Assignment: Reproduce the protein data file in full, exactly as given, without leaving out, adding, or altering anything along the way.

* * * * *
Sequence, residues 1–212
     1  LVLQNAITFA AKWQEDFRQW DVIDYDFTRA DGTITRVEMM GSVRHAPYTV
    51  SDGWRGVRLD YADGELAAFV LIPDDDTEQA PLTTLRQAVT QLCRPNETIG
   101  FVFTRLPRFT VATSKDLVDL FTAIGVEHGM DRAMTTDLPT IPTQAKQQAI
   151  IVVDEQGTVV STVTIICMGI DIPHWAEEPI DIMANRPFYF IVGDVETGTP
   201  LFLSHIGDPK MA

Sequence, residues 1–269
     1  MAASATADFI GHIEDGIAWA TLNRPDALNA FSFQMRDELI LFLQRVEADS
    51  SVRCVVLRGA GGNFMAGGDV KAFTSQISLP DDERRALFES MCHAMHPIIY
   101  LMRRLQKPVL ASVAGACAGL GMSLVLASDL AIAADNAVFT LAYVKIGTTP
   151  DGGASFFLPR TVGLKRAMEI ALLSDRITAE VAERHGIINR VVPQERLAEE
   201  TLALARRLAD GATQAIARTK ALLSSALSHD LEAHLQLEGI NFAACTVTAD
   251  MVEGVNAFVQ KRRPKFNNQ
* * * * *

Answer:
Sequence, residues 1–212
     1  LVLQNAITFA AKWQEDFRQW DVIDYDFTRA DGTITRVEMM GSVRHAPYTV
    51  SDGWRGVRLD YADGELAAFV LIPDDDTEQA PLTTLRQAVT QLCRPNETIG
   101  FVFTRLPRFT VATSKDLVDL FTAIGVEHGM DRAMTTDLPT IPTQAKQQAI
   151  IVVDEQGTVV STVTIICMGI DIPHWAEEPI DIMANRPFYF IVGDVETGTP
   201  LFLSHIGDPK MA

Sequence, residues 1–269
     1  MAASATADFI GHIEDGIAWA TLNRPDALNA FSFQMRDELI LFLQRVEADS
    51  SVRCVVLRGA GGNFMAGGDV KAFTSQISLP DDERRALFES MCHAMHPIIY
   101  LMRRLQKPVL ASVAGACAGL GMSLVLASDL AIAADNAVFT LAYVKIGTTP
   151  DGGASFFLPR TVGLKRAMEI ALLSDRITAE VAERHGIINR VVPQERLAEE
   201  TLALARRLAD GATQAIARTK ALLSSALSHD LEAHLQLEGI NFAACTVTAD
   251  MVEGVNAFVQ KRRPKFNNQ